It seems that turnkey rental properties have gotten more and more popular over the last few years. It makes sense — they open up the door (great pun!) for people who wouldn’t have gotten involved in real estate investing otherwise. Turnkeys allow people who don’t necessarily have skill or interest in finding motivated sellers, rehabbing, and managing tenants to still own a profitable rental property.
How? Someone else does all of that complicated stuff for you! You just have to do you due diligence and buy the property. Yes, other people are running your investment property, which brings on a certain level of skill just in managing your team, but learning that tends to be a lot easier for most of us than something like rehabbing.
With so many people getting interested in turnkeys as a potential investment strategy, I’m hearing more and more questions come up about them. I’ve chosen the top 5 questions I hear from people interested in turnkeys, and I’m sharing them with you here.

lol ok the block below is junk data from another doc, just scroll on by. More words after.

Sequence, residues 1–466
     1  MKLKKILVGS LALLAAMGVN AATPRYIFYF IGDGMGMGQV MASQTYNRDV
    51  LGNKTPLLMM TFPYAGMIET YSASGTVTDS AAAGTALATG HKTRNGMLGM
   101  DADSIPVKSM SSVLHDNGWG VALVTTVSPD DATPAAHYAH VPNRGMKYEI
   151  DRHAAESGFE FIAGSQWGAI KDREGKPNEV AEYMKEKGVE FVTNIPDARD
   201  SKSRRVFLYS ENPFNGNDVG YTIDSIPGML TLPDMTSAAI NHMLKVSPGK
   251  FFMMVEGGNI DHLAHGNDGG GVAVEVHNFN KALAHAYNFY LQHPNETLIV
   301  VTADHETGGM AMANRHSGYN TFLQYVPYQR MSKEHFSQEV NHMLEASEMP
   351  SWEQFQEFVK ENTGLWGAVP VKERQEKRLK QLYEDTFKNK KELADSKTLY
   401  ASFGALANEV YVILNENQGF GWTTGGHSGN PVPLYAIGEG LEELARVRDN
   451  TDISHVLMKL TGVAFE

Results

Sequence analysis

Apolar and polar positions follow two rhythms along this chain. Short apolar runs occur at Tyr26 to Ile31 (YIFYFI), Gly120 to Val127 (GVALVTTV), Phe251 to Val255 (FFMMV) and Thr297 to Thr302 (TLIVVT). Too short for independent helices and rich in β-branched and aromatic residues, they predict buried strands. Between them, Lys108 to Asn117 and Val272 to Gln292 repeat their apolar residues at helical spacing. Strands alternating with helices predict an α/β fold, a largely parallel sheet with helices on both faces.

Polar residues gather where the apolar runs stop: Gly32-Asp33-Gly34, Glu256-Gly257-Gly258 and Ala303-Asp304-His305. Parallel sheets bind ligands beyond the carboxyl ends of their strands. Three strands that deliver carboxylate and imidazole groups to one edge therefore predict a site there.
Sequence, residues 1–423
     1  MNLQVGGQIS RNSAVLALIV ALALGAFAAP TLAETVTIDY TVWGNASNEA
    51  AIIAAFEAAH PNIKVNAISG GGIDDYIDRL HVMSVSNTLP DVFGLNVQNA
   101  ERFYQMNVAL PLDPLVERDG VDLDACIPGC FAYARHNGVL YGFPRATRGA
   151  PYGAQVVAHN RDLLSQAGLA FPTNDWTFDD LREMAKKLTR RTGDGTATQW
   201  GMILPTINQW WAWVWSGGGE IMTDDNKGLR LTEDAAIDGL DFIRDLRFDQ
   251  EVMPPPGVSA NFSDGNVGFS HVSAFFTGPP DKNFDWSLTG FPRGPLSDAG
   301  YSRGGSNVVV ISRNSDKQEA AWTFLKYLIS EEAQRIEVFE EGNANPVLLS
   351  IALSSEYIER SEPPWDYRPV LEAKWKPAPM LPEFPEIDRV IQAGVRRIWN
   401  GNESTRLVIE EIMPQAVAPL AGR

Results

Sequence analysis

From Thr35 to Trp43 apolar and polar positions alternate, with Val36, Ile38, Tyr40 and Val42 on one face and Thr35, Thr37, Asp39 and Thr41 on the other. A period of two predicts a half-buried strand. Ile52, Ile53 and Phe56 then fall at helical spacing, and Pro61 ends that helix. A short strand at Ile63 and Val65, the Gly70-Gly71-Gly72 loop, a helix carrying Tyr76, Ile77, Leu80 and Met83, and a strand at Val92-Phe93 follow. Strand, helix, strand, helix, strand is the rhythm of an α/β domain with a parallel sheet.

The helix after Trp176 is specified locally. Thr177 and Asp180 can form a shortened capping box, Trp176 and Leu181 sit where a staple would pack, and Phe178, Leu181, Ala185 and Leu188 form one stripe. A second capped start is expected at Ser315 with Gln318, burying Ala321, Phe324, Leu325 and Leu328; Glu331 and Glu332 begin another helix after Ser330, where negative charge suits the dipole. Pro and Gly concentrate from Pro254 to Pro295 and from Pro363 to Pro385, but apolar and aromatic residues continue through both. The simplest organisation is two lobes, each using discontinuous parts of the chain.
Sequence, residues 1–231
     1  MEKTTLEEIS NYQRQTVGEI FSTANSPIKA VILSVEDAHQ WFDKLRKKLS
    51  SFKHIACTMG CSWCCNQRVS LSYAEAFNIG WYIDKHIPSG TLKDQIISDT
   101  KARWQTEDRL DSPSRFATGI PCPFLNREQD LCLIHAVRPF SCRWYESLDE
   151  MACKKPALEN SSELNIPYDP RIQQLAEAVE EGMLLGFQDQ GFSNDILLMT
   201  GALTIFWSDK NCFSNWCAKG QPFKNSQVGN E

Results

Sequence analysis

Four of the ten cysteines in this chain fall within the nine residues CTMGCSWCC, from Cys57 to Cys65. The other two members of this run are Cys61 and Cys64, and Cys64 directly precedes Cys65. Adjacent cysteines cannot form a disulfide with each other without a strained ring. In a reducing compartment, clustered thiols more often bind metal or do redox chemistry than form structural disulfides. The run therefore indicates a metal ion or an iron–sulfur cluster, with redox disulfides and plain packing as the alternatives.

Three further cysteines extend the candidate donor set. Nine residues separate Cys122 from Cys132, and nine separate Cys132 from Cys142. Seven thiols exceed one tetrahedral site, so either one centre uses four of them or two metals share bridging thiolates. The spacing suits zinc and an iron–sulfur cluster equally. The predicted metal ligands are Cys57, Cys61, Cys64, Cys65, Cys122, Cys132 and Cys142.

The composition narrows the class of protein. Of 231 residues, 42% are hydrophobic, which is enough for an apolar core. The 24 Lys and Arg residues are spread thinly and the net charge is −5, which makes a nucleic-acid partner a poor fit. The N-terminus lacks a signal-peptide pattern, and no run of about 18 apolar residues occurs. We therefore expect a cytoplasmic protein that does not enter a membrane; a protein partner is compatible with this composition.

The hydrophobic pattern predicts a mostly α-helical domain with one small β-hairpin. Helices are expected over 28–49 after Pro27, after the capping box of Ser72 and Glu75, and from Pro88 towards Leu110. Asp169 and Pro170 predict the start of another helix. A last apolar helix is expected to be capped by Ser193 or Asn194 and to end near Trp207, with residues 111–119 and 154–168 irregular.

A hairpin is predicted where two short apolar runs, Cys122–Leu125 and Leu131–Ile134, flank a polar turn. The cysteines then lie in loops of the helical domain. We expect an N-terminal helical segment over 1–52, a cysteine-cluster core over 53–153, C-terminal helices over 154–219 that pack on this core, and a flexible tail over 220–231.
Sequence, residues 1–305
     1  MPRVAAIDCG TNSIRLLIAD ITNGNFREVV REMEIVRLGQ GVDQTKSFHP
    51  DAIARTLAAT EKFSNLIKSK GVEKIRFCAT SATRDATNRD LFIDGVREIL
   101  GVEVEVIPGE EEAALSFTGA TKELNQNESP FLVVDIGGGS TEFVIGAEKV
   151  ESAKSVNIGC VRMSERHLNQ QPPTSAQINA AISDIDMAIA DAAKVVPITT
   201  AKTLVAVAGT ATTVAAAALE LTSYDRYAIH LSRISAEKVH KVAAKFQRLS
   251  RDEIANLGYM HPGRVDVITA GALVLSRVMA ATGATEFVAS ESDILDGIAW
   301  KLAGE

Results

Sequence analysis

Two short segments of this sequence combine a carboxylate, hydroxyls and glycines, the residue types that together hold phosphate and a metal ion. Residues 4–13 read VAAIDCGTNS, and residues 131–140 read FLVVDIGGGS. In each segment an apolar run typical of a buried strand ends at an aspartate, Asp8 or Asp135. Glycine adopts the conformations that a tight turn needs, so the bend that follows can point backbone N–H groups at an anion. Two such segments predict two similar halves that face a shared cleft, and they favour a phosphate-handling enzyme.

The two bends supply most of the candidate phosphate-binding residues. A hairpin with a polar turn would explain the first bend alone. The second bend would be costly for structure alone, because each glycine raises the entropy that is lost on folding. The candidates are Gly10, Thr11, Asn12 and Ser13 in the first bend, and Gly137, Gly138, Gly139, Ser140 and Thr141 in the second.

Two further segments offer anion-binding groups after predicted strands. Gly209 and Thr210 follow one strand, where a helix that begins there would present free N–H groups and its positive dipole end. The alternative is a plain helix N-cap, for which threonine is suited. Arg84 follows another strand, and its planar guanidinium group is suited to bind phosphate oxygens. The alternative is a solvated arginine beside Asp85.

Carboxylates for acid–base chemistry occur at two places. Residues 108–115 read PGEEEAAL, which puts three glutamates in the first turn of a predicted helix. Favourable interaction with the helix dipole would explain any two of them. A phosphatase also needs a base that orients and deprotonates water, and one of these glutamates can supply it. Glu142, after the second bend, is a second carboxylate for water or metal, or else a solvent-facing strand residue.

The Top 5 FAQs About Turnkey Rental Properties — Answered!
1. Are turnkeys too good to be true?
Answer: no. Sure, at first glance, it may be hard to see the catch — nice, fully rehabbed properties, great cash flow, doable prices, and everything taken care of for you. Why isn’t everyone buying them? I’d say there are a few main reasons not everybody necessarily wants a turnkey.
The major downside to turnkeys is that typically they are priced fairly close to market value, if not at market value, and since they are fully rehabbed, there is limited ability to force appreciation. A lot of investors want to force appreciation (and rightfully so). Then, there’s the price. I’ll get to that in the next bullet, but in short, turnkeys are typically more expensive up front than non-turnkey properties. Lastly, some people just don’t have any desire (or capability) to let other people control their investment.